Cases C-154/04 & C-155/04 Alliance for Natural Health [2005] ECR I-6451 and........................20
Case C-380/03 Germany v. Parliament and Council [2006] ECR I-11573 ("Tobacco Advertising
II").............................................................................................................................................. 21
Case C-58/08 Vodafone [2010] ECR I-4999................................................................................22
Case T-526/10 Inuit Tapiriit Kanatami et al v. Commission, judgment of 25 April 2013 (Seal
Products II Case)........................................................................................................................ 24
Case C-547/14 Philip Morris v. Secretary of State for Health (4 May 2016) ECLI:EU:C:2016:325
(and see AG Kokott's Opinion, ECLI:EU:C:2015:853)..................................................................26
D. Wyatt, 'Community Competence to Regulate the Internal Market'........................................26
S. Weatherill, 'The limits of legislative harmonisation ten years after Tobacco Advertising"'
(2011) 12 German LJ 827........................................................................................................... 27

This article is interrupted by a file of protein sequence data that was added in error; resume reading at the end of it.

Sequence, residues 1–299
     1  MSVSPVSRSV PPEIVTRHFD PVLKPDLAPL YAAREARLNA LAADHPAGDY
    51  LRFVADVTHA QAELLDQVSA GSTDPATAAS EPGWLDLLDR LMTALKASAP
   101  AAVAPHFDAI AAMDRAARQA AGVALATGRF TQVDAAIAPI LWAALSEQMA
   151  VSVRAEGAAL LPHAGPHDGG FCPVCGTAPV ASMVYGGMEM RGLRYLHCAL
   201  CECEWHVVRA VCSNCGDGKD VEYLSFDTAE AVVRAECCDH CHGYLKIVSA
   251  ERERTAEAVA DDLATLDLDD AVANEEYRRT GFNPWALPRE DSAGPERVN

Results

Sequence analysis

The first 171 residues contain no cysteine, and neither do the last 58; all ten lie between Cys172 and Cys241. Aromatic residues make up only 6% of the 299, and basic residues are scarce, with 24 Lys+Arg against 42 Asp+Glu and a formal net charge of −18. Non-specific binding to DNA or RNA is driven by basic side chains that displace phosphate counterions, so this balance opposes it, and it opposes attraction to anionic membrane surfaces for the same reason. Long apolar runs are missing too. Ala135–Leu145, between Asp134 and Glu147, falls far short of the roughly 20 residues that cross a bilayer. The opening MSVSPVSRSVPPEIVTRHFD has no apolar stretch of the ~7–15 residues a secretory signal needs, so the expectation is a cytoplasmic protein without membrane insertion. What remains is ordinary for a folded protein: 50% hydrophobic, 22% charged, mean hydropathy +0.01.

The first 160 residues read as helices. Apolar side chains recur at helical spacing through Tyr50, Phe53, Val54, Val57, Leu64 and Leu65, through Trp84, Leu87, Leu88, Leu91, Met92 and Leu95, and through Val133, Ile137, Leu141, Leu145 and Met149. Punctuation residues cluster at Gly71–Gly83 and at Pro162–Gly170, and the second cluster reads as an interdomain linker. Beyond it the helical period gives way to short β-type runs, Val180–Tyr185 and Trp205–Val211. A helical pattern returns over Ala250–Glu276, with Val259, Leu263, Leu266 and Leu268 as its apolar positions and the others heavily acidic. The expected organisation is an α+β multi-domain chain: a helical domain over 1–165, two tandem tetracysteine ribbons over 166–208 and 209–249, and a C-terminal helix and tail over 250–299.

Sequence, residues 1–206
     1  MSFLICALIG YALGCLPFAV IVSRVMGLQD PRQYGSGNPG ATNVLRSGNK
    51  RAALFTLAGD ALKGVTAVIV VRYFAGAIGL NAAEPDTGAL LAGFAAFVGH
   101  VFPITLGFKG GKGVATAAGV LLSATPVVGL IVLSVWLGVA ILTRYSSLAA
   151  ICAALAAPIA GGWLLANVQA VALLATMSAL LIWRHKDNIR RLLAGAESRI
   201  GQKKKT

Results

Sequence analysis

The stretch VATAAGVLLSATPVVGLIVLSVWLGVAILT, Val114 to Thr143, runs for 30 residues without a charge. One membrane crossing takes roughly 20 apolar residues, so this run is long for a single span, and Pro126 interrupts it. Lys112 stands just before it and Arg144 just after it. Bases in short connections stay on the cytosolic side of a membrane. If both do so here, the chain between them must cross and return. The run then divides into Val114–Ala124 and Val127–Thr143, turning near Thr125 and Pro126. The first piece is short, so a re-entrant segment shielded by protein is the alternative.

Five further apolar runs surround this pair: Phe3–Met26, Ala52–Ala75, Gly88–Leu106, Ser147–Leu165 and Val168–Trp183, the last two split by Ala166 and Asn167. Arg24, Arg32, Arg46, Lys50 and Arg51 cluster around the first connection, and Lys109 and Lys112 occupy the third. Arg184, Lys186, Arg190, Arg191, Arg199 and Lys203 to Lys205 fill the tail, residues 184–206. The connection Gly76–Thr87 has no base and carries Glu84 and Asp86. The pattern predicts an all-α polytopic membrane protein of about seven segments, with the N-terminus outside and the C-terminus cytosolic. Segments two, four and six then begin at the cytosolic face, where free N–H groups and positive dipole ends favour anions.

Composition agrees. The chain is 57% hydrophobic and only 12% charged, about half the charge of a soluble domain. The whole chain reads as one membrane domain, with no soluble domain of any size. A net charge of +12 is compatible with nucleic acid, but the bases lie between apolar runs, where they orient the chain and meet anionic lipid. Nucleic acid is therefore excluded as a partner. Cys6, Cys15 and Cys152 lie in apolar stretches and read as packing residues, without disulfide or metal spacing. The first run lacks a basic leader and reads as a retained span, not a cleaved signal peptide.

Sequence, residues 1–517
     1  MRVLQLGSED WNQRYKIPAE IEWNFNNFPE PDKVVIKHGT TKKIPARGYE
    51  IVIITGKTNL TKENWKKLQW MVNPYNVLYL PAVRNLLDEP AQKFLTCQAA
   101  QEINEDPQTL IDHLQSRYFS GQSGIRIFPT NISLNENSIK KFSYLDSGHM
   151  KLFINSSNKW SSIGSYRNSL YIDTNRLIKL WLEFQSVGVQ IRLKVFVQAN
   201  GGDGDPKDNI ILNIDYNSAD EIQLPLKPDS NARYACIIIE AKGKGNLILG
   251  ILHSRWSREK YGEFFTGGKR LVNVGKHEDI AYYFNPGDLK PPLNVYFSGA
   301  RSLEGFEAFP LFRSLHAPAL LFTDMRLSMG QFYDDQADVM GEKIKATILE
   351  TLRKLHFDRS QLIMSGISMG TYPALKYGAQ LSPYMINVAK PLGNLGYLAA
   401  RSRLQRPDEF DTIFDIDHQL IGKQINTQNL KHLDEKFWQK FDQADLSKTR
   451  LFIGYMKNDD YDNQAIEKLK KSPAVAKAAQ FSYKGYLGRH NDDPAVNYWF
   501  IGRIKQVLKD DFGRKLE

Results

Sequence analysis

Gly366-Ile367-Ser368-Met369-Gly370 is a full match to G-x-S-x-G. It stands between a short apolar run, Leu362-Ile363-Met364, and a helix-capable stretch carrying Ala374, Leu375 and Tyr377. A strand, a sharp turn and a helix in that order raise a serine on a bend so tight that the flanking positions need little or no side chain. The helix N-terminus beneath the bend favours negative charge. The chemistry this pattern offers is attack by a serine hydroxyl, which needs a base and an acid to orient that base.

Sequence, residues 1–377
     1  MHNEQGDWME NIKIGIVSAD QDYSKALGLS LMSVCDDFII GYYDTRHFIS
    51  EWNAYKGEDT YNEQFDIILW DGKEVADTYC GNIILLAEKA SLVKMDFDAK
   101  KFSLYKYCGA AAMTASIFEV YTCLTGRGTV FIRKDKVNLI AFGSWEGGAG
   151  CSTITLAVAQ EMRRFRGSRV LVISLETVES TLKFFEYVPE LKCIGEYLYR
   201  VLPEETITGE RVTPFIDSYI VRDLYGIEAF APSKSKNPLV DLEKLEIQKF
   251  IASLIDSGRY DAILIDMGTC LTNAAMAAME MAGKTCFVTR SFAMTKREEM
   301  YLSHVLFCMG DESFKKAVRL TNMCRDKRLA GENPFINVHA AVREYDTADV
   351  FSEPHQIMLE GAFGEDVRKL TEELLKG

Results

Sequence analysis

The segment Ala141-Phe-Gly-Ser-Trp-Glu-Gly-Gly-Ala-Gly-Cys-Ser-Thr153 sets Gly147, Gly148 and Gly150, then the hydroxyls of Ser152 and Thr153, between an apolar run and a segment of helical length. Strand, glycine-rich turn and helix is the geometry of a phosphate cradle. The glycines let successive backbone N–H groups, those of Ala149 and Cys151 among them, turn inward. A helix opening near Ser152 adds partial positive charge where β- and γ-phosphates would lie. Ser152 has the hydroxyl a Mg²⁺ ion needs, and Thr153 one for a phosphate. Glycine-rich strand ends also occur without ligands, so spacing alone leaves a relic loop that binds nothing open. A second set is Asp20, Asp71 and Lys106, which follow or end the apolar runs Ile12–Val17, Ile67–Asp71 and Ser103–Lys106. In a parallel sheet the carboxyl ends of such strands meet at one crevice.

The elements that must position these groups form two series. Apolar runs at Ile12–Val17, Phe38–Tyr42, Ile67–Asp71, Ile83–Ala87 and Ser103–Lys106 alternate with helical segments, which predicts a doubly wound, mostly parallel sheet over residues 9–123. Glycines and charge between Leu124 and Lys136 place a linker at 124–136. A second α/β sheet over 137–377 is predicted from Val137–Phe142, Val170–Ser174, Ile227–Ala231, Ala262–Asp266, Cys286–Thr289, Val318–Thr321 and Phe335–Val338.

P. Craig, 'The ECJ and Ultra Vires Action: a Conceptual Analysis' (2011) 48 CMLRev 395..........29

(b) Constitutional limits on European law-making - Proportionality and Subsidiarity.........29
(1) Proportionality......................................................................................................................... 30
Case C-375/96 Galileo Zaninotto v. Ispettorato Centrale [1998] ECR I-6629, paras. 57-67........31
Germany v. Parliament and Council [2006] ECR I-11573 ("Tobacco Advertising II")..................31
Case C-58/08 Vodafone [2010] ECR I-4999................................................................................32
Case 114/76 Bela-Muhle (Skimmed-Milk Powder) [1977] ECR 1211;..........................................33
Case 240/78 Atalanta [1979] ECR 2137.....................................................................................34
Cases C-453/03 et al, ex p ABNA [2005] ECR I-10423................................................................34
Case C-310/04 Spain v Council [2006] ECR I-7285.....................................................................34
(2) Subsidiarity.............................................................................................................................. 35
Case C-233/94 Germany v. Parliament (Deposit Guarantee Directive) [1997] ECR I-2405, paras.
24-28;........................................................................................................................................ 38
Case C-491/01 ex parte British American Tobacco [2002] ECR I-11453, at paras. 177-185.......39